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Versions: 00

DOTS                                                          Y. Hayashi
Internet-Draft                                                       NTT
Intended status: Informational                                   M. Chen
Expires: September 3, 2020                                          CMCC
                                                           March 2, 2020


       Use Cases for DDoS Open Threat Signaling (DOTS) Telemetry
               draft-hayashi-dots-telemetry-use-cases-00

Abstract

   Denial-of-service Open Threat Signaling (DOTS) Telemetry enriches the
   base DOTS protocols to assist the mitigator in using efficient DDoS-
   attack-mitigation techniques in a network.  This document presents
   sample use cases for DOTS Telemetry: what components are deployed in
   the network, how they cooperate, and what information is exchanged to
   effectively use these techniques.

Status of This Memo

   This Internet-Draft is submitted in full conformance with the
   provisions of BCP 78 and BCP 79.

   Internet-Drafts are working documents of the Internet Engineering
   Task Force (IETF).  Note that other groups may also distribute
   working documents as Internet-Drafts.  The list of current Internet-
   Drafts is at https://datatracker.ietf.org/drafts/current/.

   Internet-Drafts are draft documents valid for a maximum of six months
   and may be updated, replaced, or obsoleted by other documents at any
   time.  It is inappropriate to use Internet-Drafts as reference
   material or to cite them other than as "work in progress."

   This Internet-Draft will expire on September 3, 2020.

Copyright Notice

   Copyright (c) 2020 IETF Trust and the persons identified as the
   document authors.  All rights reserved.

   This document is subject to BCP 78 and the IETF Trust's Legal
   Provisions Relating to IETF Documents
   (https://trustee.ietf.org/license-info) in effect on the date of
   publication of this document.  Please review these documents
   carefully, as they describe your rights and restrictions with respect
   to this document.  Code Components extracted from this document must
   include Simplified BSD License text as described in Section 4.e of



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   the Trust Legal Provisions and are provided without warranty as
   described in the Simplified BSD License.

Table of Contents

   1.  Introduction  . . . . . . . . . . . . . . . . . . . . . . . .   2
   2.  Terminology . . . . . . . . . . . . . . . . . . . . . . . . .   3
   3.  Use Cases . . . . . . . . . . . . . . . . . . . . . . . . . .   3
     3.1.  DDoS Mitigation Based on Attack Traffic Bandwidth . . . .   3
       3.1.1.  Mitigating Attack Flow of Top-talker Preferentially .   3
       3.1.2.  Optimal DMS Selection for Mitigation  . . . . . . . .   5
       3.1.3.  Best-path Selection for Redirection . . . . . . . . .   6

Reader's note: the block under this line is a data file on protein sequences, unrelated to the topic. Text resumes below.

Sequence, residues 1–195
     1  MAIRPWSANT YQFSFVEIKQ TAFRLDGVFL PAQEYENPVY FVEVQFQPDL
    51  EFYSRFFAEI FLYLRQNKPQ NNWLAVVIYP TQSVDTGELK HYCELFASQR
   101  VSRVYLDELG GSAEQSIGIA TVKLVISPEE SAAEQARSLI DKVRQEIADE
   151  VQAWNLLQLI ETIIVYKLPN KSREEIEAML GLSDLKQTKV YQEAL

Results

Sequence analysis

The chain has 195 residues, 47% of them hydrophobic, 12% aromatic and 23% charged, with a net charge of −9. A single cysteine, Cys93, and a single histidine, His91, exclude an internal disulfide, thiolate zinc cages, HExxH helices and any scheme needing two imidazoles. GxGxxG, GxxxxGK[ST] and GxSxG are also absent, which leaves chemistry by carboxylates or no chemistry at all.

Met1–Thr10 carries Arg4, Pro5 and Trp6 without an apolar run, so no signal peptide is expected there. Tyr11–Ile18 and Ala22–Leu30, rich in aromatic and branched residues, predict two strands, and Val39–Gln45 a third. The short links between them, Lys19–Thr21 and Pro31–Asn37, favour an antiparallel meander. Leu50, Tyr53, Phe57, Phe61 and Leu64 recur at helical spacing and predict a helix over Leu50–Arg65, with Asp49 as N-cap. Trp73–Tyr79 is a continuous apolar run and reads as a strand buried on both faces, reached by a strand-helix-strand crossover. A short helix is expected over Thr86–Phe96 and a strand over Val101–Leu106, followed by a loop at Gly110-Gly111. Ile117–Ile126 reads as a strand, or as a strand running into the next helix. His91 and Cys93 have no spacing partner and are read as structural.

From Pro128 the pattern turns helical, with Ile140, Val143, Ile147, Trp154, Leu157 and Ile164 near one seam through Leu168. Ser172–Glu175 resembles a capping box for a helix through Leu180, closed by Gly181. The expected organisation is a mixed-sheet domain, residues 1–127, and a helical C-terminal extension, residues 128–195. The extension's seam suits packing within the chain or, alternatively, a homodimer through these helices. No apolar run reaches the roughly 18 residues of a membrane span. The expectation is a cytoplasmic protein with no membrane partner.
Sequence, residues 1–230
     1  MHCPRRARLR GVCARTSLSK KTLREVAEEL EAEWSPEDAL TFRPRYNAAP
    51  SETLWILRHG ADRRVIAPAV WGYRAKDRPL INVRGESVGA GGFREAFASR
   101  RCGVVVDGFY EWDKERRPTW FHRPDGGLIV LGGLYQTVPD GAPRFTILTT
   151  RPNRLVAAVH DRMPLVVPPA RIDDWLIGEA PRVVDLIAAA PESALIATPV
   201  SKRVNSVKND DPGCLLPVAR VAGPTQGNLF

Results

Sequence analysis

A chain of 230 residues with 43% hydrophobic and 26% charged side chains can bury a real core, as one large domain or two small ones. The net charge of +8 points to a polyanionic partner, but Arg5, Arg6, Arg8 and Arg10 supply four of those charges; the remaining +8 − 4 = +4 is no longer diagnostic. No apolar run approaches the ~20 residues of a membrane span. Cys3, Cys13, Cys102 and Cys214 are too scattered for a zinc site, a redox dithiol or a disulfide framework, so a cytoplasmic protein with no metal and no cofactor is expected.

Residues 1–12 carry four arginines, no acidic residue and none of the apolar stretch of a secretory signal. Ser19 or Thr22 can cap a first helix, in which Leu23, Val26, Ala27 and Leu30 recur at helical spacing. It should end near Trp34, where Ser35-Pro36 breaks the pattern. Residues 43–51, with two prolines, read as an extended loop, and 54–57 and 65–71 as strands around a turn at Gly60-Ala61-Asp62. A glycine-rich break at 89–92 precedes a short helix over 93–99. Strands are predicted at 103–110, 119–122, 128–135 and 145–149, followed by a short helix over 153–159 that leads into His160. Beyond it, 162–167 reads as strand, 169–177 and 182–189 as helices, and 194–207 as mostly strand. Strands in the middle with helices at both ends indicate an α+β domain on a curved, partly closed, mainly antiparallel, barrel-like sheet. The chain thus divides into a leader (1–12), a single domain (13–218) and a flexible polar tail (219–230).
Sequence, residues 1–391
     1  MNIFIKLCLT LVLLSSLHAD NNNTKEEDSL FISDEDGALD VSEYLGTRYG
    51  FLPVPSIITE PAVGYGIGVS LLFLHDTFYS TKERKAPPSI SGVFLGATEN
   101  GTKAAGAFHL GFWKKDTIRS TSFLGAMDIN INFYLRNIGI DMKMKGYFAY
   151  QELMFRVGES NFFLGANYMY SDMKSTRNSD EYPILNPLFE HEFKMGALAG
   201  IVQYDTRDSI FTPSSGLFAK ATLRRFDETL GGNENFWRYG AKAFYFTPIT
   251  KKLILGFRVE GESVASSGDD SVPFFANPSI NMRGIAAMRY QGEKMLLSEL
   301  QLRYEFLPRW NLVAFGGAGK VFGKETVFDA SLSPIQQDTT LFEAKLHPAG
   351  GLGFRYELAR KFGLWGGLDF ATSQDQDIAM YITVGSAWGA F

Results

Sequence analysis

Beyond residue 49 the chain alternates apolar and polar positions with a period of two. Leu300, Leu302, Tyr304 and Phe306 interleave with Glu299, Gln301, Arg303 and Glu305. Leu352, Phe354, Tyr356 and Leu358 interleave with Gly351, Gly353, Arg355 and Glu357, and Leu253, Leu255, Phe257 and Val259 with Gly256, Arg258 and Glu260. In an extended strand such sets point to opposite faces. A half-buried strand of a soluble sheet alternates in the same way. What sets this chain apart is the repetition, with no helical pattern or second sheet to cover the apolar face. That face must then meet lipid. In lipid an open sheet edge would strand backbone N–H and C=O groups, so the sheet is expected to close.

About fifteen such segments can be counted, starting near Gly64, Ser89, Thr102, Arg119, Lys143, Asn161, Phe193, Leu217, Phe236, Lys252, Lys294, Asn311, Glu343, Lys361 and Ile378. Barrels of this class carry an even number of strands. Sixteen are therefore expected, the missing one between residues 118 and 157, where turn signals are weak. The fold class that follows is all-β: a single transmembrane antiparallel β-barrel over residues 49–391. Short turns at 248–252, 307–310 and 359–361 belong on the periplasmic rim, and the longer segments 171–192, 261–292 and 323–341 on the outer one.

3.1.4.  Short but Extreme Volumetric Attack Mitigation  . . .   8
     3.2.  DDoS Mitigation Based on Attack Type  . . . . . . . . . .   9
       3.2.1.  Selecting Mitigation Technique  . . . . . . . . . . .   9
     3.3.  Training Flow Collector Using Supervised Machine Learning  11
   4.  Security Considerations . . . . . . . . . . . . . . . . . . .  12
   5.  IANA Considerations . . . . . . . . . . . . . . . . . . . . .  12
   6.  Acknowledgement . . . . . . . . . . . . . . . . . . . . . . .  12
   7.  References  . . . . . . . . . . . . . . . . . . . . . . . . .  12
     7.1.  Normative References  . . . . . . . . . . . . . . . . . .  12
     7.2.  Informative References  . . . . . . . . . . . . . . . . .  13
   Authors' Addresses  . . . . . . . . . . . . . . . . . . . . . . .  13

1.  Introduction

   Denial-of-Service (DDoS), attacks such as volumetric attacks and
   resource-consumption attacks, are critical threats to be handled by
   service providers.  When such DDoS attacks occur, service providers
   have to mitigate them immediately to protect or recover their
   services.

   Therefore, for service providers to immediately protect their network
   services from DDoS attacks, DDoS mitigation needs to be automated.
   To automate DDoS-attack mitigation, multi-vendor components involved
   in DDoS-attack detection and mitigation should cooperate and support
   standard interfaces to communicate.

   DDoS Open Threat Signaling (DOTS) is a set of protocols for real-time
   signaling, threat-handling requests, and data filtering between the
   multi-vendor elements
   [I-D.ietf-dots-signal-channel][I-D.ietf-dots-data-channel].
   Furthermore, DOTS Telemetry enriches the DOTS protocols with various
   telemetry attributes allowing optimal DDoS-attack mitigation
   [I-D.ietf-dots-telemetry].  This document presents sample use cases
   for DOTS Telemetry: what components are deployed in the network, how
   they cooperate, and what information is exchanged to effectively use
   attack-mitigation techniques.



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2.  Terminology

   The readers should be familiar with the terms defined in [RFC8612]

   In addition, this document uses the following terms:

   Top-talker:  A top N list of attackers who attack the same target or
      targets.  The list is ordered in terms of a two-tuple bandwidth
      such as bps or pps.